Insurers: Pay Attention to Efficacy Research on Stuttering Treatment Molina Healthcare recently denied the initial claim for stuttering intervention and a subsequent appeal from one of our clients, stating that “there is limited data on the benefit of speech therapy for stuttering.” The family was determined to continue with therapy and eventually received coverage from a different provider. However, ... Inbox
Free
Inbox  |   April 01, 2015
Insurers: Pay Attention to Efficacy Research on Stuttering Treatment
Author Notes
Article Information
Speech, Voice & Prosodic Disorders / Fluency Disorders / Inbox
Inbox   |   April 01, 2015
Insurers: Pay Attention to Efficacy Research on Stuttering Treatment
The ASHA Leader, April 2015, Vol. 20, 7-8. doi:10.1044/leader.IN4.20042015.7
The ASHA Leader, April 2015, Vol. 20, 7-8. doi:10.1044/leader.IN4.20042015.7
Molina Healthcare recently denied the initial claim for stuttering intervention and a subsequent appeal from one of our clients, stating that “there is limited data on the benefit of speech therapy for stuttering.” The family was determined to continue with therapy and eventually received coverage from a different provider.
However, Molina’s position is problematic for people who stutter and for the speech-language pathology field. In stark contrast to Molina’s statement, readily available references document the efficacy of varied stuttering interventions for different age groups. A 2006 systematic review in the American Journal of Speech-Language Pathology presents studies supporting response-contingent treatments such as Lidcombe, prolonged speech methods and EMG biofeedback, among others, that reduce stuttering severity and improve social-emotional well-being. A 2010 Journal of Fluency Disorders article by Marilyn Langevin and colleagues presents evidence that combining speech restructuring and stuttering modification techniques is associated with maintenance of treatment gains over five years.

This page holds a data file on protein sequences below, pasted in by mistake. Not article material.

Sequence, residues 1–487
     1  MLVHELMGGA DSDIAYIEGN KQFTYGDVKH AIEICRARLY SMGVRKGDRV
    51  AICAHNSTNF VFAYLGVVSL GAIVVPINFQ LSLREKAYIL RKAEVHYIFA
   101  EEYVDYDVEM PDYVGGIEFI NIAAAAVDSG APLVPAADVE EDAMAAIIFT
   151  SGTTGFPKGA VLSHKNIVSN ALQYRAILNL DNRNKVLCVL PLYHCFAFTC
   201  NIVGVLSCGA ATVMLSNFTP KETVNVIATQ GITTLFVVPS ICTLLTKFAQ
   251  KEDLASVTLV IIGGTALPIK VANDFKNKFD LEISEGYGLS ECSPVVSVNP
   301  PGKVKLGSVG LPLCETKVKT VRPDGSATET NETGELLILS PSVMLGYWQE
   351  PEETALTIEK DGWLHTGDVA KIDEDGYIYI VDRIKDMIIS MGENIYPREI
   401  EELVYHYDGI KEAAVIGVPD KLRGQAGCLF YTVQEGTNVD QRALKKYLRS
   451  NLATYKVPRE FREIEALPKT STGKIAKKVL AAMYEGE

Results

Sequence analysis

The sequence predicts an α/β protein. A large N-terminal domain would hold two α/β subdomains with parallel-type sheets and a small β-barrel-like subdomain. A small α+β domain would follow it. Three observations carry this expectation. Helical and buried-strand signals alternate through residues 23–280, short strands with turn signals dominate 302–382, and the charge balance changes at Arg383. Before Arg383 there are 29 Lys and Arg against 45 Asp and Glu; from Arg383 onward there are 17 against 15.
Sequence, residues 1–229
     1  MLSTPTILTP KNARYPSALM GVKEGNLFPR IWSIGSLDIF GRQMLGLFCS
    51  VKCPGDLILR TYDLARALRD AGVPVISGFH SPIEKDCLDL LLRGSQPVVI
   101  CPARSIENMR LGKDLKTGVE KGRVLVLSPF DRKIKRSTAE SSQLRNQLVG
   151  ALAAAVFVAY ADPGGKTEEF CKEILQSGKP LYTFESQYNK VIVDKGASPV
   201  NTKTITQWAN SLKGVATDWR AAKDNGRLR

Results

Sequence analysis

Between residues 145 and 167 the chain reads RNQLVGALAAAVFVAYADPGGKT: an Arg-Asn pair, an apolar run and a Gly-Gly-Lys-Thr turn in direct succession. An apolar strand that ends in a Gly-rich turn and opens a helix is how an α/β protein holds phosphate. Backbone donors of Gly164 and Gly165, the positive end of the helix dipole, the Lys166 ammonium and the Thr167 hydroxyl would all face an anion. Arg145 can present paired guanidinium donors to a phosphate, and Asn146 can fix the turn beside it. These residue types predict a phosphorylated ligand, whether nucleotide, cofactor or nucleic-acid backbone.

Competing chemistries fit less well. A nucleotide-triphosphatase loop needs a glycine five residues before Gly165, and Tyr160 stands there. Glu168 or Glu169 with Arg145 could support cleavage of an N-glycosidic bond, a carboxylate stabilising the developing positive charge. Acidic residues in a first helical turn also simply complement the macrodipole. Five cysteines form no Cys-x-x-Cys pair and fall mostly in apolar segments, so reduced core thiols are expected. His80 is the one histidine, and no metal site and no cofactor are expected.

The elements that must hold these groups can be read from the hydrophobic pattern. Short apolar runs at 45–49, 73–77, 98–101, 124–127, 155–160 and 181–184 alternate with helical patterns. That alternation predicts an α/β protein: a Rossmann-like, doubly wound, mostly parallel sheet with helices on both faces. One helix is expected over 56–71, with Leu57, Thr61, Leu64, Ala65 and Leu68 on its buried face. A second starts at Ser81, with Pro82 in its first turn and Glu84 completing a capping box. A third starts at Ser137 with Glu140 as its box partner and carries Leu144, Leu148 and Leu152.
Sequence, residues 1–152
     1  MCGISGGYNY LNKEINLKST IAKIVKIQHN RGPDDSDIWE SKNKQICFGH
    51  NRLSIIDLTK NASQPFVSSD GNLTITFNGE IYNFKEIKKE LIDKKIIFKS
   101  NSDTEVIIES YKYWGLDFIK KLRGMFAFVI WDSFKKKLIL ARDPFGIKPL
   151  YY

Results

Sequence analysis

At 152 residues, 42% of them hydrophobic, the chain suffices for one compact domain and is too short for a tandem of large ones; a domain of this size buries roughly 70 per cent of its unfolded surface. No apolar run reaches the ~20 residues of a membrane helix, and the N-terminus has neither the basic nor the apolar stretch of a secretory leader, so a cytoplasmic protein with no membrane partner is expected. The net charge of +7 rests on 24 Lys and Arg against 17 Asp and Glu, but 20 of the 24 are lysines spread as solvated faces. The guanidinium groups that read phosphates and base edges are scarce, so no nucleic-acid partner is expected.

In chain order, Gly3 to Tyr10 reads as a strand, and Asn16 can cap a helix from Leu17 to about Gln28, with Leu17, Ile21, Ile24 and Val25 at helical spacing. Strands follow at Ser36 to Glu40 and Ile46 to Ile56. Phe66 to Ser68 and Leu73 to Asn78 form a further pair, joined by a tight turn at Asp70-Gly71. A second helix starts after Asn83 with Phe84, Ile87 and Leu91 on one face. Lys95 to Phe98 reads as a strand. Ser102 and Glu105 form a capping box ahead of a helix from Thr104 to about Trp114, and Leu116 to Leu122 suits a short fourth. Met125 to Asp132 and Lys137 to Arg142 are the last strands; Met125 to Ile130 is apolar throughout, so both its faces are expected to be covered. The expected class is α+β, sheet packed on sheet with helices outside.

The increasing number of controlled intervention studies and meta-analyses of treatment outcomes highlights growing maturity in documenting quantifiable and comparable effects of intervention. It is puzzling that an insurance company would deny stuttering treatment given the current and growing body of efficacy evidence. We call on insurance providers to be open to speech-language pathology research by reviewing their policies regarding reimbursement for stuttering intervention. We hope this brief communication fuels our resolve to deliver and document the most effective, research-based stuttering treatments available.
Suzanne Nanney and Torrey Loucks, Champaign, Illinois

ASHA offers materials clinicians can use to help appeal their clients’ insurance denials for speech-language and hearing services. For example, research evidence is provided on the newly launched ASHA Practice Portal page on childhood fluency disorders at on.asha.org/stuttering-portal. For assistance, contact reimbursement@asha.org.

0 Comments
Submit a Comment
Submit A Comment
Name
Comment Title
Comment


This feature is available to Subscribers Only
Sign In or Create an Account ×
FROM THIS ISSUE
April 2015
Volume 20, Issue 4